When I bought
last lens, I was considering the Canon EF 70-200 f/2.8L IS II USM for my
next purchase. I went back and forth between that lens and this
lens, the TS-E 24mm f/3.5L II.
In the end I decided that since I already have a good
zoom that I can use, and no comparable tilt-shift lens of any kind, it
made more sense to buy this lens than to replicate something (at least
in type and functionally) that I already have. I have no doubt I will
continue to raise funds to get the 70-200 but really felt this lens was
the next logical item for my type of shooting.
quest to find space in my home, I identified a number of items that
needed to be sold. The funds generated would pay for this lens.
I sold a number of really nice cameras and lenses that were quite
collectible but either redundant or wide of the focus I have for my
collection, which is primarily oriented around
Asahi Pentax products of the 1960's and
1970's. With only some mild misgivings I sold the very rare
SMC Pentax Zoom 135~600mm,
the ME-Super and all K-mount
lenses except the
Soft-85mm, a few
and a number of new but never displayed die cast models. When that
fell short of the amount necessary, I sold the lawn tractor we no longer
use and started on a large pile of Jeep parts that I will never use.
Pretty soon the money was raised to purchase this lens. If I keep
this up I am going to have a nicely empty house and garage and a fat
The lens arrived
on a Saturday and the following day was to be dedicated to a baseball
game in Pittsburgh. My heart sunk because there is no practical
use for an ultra-wide tilt-shift lens at a baseball game.
Notwithstanding, I packed the lens anyway in the off chance that I would
have an opportunity to use the lens during our walk to the park.
Sure enough, the
city center of Pittsburgh is rich with subjects that are best
photographed with just such a lens as this. I managed my
excitement and kept my priority on going to the baseball game, making
mental note that I would make some images with this new lens when the
game was over and we walked back to our car.
At the end of the
game I swapped lenses and we started our walk. I made several
images (see above) using the shift feature, and one using the tilt
feature. I am very pleased with the results though I carelessly
failed to focus accurately a couple times, and was forced to travel
light with no tripod. An additional frustration was the security
guard at PPG Place who interrupted me to stop me from taking pictures of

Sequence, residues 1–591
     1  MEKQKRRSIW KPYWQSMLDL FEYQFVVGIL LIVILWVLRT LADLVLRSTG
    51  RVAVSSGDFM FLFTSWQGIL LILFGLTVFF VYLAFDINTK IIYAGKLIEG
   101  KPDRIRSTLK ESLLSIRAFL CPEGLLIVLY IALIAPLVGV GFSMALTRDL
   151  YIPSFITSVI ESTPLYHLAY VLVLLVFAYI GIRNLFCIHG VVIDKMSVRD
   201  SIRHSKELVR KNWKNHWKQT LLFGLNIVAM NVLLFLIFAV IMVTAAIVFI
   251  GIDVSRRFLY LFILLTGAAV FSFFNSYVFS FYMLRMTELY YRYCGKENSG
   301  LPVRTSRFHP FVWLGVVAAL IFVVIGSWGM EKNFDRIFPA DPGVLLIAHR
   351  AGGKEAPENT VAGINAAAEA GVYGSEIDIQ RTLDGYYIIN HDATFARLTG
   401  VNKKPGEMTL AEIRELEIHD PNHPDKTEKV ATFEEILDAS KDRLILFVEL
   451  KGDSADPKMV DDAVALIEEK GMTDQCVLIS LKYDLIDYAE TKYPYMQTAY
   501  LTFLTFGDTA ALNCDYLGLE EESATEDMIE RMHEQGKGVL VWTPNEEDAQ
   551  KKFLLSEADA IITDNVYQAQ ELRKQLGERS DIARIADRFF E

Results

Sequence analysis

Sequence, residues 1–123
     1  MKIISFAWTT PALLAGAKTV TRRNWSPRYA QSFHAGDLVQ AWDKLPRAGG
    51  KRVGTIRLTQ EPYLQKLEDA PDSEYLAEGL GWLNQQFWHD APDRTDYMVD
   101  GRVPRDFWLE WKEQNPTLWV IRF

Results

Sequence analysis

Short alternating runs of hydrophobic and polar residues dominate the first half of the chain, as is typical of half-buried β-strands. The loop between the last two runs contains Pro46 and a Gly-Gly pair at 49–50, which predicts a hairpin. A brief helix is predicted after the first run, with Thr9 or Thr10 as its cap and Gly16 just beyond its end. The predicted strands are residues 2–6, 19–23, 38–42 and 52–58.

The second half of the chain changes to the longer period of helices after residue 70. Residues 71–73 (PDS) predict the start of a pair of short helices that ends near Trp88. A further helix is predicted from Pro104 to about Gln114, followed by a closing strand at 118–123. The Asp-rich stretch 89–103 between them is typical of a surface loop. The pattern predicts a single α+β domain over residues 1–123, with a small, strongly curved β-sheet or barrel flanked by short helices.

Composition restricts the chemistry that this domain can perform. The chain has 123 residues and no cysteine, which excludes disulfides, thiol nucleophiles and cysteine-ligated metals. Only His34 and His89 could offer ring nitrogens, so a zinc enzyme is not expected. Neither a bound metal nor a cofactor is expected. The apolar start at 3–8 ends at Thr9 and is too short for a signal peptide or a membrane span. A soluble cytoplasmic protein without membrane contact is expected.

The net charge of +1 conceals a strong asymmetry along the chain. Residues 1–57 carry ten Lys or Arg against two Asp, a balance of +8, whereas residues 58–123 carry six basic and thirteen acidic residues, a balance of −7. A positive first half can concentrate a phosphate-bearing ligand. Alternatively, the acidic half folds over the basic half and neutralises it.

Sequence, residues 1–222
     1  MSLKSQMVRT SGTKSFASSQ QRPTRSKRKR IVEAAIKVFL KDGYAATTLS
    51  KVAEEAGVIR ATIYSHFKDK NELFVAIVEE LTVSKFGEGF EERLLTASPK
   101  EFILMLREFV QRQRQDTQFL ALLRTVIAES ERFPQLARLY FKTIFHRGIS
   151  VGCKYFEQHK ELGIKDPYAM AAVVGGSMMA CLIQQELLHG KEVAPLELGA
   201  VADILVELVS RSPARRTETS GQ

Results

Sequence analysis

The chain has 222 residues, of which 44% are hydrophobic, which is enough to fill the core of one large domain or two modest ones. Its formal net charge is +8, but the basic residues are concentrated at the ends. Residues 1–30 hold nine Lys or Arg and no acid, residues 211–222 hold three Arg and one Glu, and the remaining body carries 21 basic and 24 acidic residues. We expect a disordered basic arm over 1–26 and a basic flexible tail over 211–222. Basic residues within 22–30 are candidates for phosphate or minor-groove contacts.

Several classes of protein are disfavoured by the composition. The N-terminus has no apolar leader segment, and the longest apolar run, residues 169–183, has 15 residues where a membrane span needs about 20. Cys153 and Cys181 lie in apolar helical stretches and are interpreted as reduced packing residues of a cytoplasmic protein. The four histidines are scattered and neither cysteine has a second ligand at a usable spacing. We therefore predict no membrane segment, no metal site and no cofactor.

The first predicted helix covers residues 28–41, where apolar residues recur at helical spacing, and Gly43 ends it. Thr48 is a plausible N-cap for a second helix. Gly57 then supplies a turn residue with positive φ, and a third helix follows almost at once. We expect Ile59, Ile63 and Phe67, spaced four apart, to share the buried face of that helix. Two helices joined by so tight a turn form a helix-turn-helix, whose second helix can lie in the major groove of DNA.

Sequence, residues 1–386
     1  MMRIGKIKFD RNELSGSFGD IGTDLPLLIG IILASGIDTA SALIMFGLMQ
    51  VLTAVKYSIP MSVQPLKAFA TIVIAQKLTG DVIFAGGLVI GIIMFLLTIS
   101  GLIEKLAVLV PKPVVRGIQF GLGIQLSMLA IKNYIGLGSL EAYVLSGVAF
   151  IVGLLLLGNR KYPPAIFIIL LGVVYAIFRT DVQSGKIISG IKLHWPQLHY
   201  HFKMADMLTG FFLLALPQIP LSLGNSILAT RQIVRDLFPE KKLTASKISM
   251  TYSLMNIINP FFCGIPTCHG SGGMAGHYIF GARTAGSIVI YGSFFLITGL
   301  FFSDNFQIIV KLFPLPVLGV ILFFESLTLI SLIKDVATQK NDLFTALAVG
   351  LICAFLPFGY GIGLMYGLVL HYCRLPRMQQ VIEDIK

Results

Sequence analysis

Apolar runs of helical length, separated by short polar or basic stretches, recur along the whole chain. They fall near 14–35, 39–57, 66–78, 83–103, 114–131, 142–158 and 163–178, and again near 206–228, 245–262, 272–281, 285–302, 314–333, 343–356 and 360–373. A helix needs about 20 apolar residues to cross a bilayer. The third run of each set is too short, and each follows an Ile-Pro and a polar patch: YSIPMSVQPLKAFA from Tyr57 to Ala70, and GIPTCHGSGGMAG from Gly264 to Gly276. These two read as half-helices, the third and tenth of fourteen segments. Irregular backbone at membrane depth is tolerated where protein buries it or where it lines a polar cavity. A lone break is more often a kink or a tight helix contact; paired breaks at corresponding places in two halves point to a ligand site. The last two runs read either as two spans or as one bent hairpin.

"the top of the building" due to "concerns following 9-11"... He
didn't resonate with my comment that I can't see the "top of the
building from here on the ground" and admonished me to "keep the camera
pointing at eye level". Hence the images above, though I suspect
the ultra-wide nature of the lens combined with the shift front no-doubt
produced some images shown here that he probably was hoping to
discourage. It's a little dumb given the official web site has
generous images of the towers from several angles, and given that better
images of the "top" may be made from outside the plaza.
Additionally the web site makes no mention of any such rules. So I
have to wonder if it was a slow day for the security guard and he just
needed to assert some control...
Four of the
images above labeled "crop" are taken from the un-reduced full-sized
image, to illustrate the quality of this lens in the corners, though it
unfortunately also highlights my hand-held, careless focusing. The
only real testimony to be derived from those shots is the incredible
lack of chromatic aberration. As this was made with the shift
engaged, the image was made with the outer regions of the lens - really
quite impressive even in spite of my technical goofs. I hope to
return to this location with a tripod and permission in writing to point
my camera "above eye level"...
The sample images
at the top of the page were made with this lens on 4/18/2010.
There appears to be great potential for some nice landscapes from this
I recommend using
"Live View" with the grid turned on (provided your camera has this
feature) to aid in getting the lines parallel and vertical. For
the same effect through the viewfinder, the Eg-D focusing screen is a
must. It's not very expensive and provides the same aid to
alignment as the grid on Live View.